Moviegoers have most recently seen Renaissance thesp Johnny Depp
as an Irish river rat romancing Juliette Binoche
and as a crossdresser in Before Night Falls
. Tomorrow, the debuting narc epic Blow
will find him playing George Jung
, the man who single-handedly orchestrated cocaine imports from Colombia's drug cartels into America in the late '70s.
Based on Bruce Porter's book of the same name, Blow chronicles the true story of Jung's escapades, taking him from blue-collar suburbia to prison. "I knew I needed a chameleon to play this man," director Ted Demme says about casting Jung. "I didn't want someone 'starring in,' I wanted someone to 'be in'... someone to be George."
Demme credits Depp's ability to play vastly different characters with making the actor a shoo-in for the role. "Johnny just changes his colors in every film," he says. "If you put Ed Wood, Edward Scissorhands and Donnie Brasco in the same room and told me it was the same actor, I'd be like 'Yeah, right.'"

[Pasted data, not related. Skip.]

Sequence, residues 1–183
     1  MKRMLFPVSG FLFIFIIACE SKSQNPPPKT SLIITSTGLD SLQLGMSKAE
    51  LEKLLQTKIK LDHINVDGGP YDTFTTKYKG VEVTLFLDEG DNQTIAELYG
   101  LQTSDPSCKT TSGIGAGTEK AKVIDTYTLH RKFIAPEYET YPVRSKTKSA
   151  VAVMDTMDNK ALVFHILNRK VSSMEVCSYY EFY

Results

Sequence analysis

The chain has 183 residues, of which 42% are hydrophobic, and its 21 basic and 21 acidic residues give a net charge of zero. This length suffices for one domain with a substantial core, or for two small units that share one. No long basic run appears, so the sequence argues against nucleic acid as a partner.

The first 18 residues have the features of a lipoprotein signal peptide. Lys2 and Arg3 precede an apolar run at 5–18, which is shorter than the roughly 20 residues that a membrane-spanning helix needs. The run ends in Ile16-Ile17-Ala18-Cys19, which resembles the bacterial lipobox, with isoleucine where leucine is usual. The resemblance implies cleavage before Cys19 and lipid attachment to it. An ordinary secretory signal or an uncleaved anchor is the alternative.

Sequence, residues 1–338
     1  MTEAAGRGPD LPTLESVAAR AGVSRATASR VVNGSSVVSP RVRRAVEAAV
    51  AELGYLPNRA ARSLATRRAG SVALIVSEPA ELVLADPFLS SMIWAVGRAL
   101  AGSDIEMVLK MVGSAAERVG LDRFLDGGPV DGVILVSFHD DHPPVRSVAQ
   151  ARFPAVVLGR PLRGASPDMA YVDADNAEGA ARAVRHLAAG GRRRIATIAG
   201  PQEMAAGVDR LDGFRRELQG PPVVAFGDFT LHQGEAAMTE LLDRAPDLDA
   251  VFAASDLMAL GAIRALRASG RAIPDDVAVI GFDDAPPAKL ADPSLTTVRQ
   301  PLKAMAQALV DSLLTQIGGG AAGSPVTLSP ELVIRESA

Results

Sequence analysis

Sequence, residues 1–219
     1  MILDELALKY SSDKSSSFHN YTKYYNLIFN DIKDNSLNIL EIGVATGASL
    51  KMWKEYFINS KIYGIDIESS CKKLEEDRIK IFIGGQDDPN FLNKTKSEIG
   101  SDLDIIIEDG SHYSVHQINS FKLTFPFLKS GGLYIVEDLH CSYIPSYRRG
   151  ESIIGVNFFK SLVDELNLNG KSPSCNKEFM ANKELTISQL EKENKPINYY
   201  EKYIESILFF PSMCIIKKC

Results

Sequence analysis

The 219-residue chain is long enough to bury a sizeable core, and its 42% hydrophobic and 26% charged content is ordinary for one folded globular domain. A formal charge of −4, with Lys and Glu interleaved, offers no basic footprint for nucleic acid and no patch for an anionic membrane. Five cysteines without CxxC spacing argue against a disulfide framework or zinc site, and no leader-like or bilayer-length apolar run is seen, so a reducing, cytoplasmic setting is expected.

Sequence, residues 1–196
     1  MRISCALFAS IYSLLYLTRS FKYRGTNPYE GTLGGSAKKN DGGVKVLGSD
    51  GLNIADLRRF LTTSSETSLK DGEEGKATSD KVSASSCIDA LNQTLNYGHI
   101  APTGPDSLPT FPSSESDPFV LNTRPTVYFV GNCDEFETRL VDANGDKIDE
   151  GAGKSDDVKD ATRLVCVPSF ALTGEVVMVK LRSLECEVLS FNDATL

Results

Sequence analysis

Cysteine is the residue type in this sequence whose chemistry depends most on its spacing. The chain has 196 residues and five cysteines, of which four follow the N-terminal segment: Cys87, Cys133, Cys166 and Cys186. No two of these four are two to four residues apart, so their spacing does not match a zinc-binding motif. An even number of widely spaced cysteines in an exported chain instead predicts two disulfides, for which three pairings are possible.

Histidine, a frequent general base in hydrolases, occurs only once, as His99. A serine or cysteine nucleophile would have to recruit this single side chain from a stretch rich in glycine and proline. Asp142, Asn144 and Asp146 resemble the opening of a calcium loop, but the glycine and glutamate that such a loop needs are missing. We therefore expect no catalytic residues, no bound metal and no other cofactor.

After reading Porter's book, Depp became fascinated with Jung and wanted to meet his potential real-life counterpart, who will be serving time in a New York prison until 2014. "I wanted to know if I like him and I wanted to know if he likes me and if it's possible," Depp recalls of their first meeting.
The conclusions Depp formed of Jung based on the book turned out to be dead-on. "I saw what I was hoping to see, which is there is no good guy and no bad guy," Depp explains. "He's as human as any of us and recognizes mistakes he's made. I saw him as a victim of his parents, of his upbringing, and the condition that was put on him by his parents."
With Blow and a string of other successful hits behind him, Depp welcomes the break he's currently enjoying and sees it as an opportunity to refocus. Says the actor: "Now, I'm looking to just sort of go and find stories myself and try and get those made."